TEXT: Acts 9:32-42
The students will be able to describe the miracles that God performed through Peter.
BIBLE LESSON OUTLINE
Introduction: Draw a simple outline of a person on your chalkboard. Within the outline draw several spots or marks to represent sores. Explain to your class that it is a simple thing for you to make this "person," whom you have created, well—you simply erase the marks. Then tell them that in the same way, God has the power to take away the sicknesses or diseases that come upon one's body.
- Peter came to visit the saints at Lydda, and there he met a man named Aeneas, who had been sick in bed for eight years with palsy.
- Peter told him that Jesus made him whole, and commanded him to arise and make his bed.
- Aeneas was healed, and many people turned to the Lord because of this miracle.
- A good woman named Dorcas, who had done many kind deeds for others, took sick and died in the city of Joppa. Word was sent to Peter in nearby Lydda.
- When Peter arrived, the friends of Dorcas were weeping. Peter put them out of the room and prayed.
Climax: Peter commanded Dorcas to arise, and she opened her eyes and sat up.
Conclusion: God's power worked through Peter to do wonderful miracles of healing and raising the dead. He will also work through those in our day who are willing to be used of God.
Response: Your students will be able to describe some of the miracles that God performed through Peter.
Acts 9:31 is the first mention in Scripture of churches outside of Jerusalem. It seems the Lord was beginning to establish His people apart from traditional Judaism. Led by the Spirit, Peter decided to visit these various churches where Philip had recently been sowing the seed of the Word (Acts 8:40; 9:32).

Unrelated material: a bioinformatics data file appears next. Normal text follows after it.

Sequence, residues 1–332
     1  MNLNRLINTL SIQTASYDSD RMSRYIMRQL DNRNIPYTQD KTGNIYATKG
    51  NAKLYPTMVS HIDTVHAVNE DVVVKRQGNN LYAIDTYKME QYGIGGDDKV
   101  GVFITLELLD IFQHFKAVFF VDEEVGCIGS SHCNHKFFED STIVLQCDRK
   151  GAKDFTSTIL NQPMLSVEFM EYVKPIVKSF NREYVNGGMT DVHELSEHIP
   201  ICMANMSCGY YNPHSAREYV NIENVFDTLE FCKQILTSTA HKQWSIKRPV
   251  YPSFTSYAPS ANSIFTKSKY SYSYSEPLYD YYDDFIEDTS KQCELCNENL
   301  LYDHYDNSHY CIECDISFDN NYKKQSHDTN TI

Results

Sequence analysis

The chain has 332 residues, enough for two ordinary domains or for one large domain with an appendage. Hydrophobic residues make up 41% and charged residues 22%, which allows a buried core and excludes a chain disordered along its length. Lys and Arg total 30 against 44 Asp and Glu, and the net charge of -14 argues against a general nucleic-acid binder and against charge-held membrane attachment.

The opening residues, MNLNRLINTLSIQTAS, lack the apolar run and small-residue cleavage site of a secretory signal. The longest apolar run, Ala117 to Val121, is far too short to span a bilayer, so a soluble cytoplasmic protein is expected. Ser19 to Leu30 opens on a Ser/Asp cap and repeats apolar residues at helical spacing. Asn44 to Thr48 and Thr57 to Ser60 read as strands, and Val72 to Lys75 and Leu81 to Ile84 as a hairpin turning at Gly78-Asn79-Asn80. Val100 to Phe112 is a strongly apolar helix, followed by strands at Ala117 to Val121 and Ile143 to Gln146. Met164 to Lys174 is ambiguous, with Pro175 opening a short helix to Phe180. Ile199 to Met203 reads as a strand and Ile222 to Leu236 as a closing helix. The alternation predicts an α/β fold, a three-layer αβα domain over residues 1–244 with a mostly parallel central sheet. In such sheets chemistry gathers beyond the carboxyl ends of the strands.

The hearts of the people had been prepared, and when the Lord worked these miracles through Peter, many believed (Acts 9:35,42). There is a similarity between these two miracles and the ones performed by Jesus recorded in Mark 2:3,11 and Mark 5:40-41.
Seeing these similar situations, Peter no doubt remembered His Lord's actions and responded in the same way.
- Use an 11"x18" (or larger) sheet of green construction paper to represent grass and a 6" wide (or more) strip of blue for a river. From tan paper cut 10 or more shapes to represent stepping stones (depending on how many questions you wish to ask). Draw circles on the blue river where the stepping stones should be placed. Prepare a list of review questions. Write the answers on the stepping stones and pass them out to your students. As you ask the questions let the students with the correct answer place the stepping stone in the next place on the river. When you are done the class will have crossed the river safely.
- Enlarge the illustration given for the story in the Primary Pals handout. Mount the enlargement on construction paper and/or cover with clear adhesive plastic. Cut the picture into a puzzle and allow your students to assemble it as you talk about the lesson.
- Bring a stopwatch to class. To review the lesson, tell your class they are each going to have an opportunity to tell part of the story. Set the watch for five seconds. Tell the first student he should start at the beginning of the story and talk until the time is gone. He then passes the watch to the next student who resumes the narration for five seconds; and so on, through your group.